“Spain is the worst example we have currently,” Roesch said of a law preventing remuneration for electricity fed into the grid by those who generate their own. Questions over national issues such as grid and distribution tariffs could also be dealt with under rules to be drafted by a proposed EU body made up of distribution firms, he added.
Nevertheless, with the Commission pushing to phase out direct support for renewables and increase the exposure of consumers to wholesale prices, it looks likely that even the smallest producers will have to compete on the open market in order to sell their surplus electricity.
Support schemes are one of the main reasons that householders bother to invest in solar energy in the first place, according to the Brussels-based European consumer organisation BEUC. Rolling back renewable support schemes won’t help in that regard, BEUC said.
“A family running a solar panel is not an energy trader, and cannot compete with large energy companies,” BEUC spokesman Sébastien Pant said.
Moreover, the Commission’s plans would also limit the scope for larger-scale local production via renewable energy cooperatives. According to environmental group Greenpeace, such schemes would be limited to installing 18 MW or less per year of generation capacity.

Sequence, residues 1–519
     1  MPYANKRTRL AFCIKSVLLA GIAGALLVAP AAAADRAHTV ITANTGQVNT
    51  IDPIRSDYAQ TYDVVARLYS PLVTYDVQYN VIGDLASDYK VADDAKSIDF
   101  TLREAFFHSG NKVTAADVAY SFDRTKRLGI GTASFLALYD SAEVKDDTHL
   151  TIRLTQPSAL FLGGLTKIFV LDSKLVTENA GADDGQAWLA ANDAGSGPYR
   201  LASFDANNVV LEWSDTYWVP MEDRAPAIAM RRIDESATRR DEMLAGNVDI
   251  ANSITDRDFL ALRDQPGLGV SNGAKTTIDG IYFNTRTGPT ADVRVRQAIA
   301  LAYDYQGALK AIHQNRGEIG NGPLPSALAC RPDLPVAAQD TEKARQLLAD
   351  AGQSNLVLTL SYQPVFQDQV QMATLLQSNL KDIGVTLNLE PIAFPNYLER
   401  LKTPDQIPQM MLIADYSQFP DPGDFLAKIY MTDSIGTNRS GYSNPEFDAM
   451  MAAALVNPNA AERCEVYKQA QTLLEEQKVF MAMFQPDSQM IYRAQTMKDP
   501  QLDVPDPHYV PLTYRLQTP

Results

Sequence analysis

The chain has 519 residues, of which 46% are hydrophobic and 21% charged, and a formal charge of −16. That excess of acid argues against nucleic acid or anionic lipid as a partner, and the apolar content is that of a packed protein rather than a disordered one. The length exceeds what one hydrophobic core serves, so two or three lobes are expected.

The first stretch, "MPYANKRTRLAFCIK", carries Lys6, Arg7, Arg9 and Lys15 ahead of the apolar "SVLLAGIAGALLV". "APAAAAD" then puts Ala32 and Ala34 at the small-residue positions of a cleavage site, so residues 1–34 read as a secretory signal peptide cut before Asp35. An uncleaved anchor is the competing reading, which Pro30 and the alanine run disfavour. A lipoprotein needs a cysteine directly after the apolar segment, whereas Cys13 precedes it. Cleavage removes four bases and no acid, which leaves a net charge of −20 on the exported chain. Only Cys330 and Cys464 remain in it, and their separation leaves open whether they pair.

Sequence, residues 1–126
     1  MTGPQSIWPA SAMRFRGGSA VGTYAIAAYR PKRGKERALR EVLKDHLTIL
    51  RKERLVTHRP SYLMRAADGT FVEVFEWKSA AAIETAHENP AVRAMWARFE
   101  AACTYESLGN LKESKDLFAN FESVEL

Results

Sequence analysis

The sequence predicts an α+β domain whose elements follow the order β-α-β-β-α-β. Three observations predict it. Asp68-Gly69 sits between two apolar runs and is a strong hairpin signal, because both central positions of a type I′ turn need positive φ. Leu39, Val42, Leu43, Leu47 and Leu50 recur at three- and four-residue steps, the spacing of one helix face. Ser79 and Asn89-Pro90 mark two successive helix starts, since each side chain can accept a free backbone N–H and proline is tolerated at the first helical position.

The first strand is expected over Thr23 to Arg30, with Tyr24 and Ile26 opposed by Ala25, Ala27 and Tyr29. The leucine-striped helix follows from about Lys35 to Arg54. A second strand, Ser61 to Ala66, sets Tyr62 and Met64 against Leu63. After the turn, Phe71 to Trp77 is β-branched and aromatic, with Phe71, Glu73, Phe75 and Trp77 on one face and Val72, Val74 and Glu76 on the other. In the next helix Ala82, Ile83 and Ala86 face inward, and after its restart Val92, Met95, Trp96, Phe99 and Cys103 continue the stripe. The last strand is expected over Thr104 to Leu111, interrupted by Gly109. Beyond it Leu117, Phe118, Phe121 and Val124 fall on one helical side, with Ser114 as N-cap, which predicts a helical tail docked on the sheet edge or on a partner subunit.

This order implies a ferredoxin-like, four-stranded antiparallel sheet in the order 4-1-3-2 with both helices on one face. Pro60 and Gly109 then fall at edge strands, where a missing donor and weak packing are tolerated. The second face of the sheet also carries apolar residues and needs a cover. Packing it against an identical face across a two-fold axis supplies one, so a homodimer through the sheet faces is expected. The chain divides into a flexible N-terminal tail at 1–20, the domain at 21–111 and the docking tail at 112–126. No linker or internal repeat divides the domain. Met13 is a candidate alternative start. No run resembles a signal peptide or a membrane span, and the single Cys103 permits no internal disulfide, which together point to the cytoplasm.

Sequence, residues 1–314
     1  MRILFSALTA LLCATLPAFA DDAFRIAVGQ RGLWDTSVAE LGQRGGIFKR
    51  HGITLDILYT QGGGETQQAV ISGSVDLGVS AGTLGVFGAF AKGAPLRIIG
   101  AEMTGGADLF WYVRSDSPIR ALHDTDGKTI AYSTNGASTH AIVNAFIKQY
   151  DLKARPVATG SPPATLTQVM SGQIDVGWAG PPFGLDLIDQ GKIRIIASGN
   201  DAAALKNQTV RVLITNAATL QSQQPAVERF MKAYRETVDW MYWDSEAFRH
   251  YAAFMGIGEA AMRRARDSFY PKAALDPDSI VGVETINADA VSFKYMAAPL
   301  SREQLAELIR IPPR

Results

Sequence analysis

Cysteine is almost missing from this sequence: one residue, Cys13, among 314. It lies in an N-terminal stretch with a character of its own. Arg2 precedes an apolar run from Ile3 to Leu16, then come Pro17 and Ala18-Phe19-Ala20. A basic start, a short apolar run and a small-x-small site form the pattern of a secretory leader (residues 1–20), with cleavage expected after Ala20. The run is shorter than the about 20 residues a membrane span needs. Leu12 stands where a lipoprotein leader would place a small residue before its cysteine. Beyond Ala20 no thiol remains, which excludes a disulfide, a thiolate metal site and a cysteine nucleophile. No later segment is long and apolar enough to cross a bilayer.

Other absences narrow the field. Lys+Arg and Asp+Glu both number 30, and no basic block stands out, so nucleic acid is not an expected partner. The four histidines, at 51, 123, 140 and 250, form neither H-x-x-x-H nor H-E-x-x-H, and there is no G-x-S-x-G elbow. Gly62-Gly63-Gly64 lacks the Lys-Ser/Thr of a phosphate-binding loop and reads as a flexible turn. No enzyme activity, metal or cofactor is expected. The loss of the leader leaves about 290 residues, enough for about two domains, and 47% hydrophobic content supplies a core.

The organisation representing green energy cooperatives in Europe, REScoop.eu, cautiously welcomed the recognition the proposals give to such initiatives – with a call for member states to limit “disproportionate procedure and charges” – but voiced concern over the proposed cap.
“The illustration behind Commissioners Cañete and Šefčovič at the press conference showed the cooperative wind farm at Middelgrunden…and that’s very nice,” the group’s president Dirk Vansintjan said, referring to a 40 MW project in Denmark.
“But we want to have a framework of EU directive and implementation in member states that allows citizens of all 28 to do the same as the citizens of Copenhagen,” Vansintjan said.
‘Puzzling contradiction’ on renewables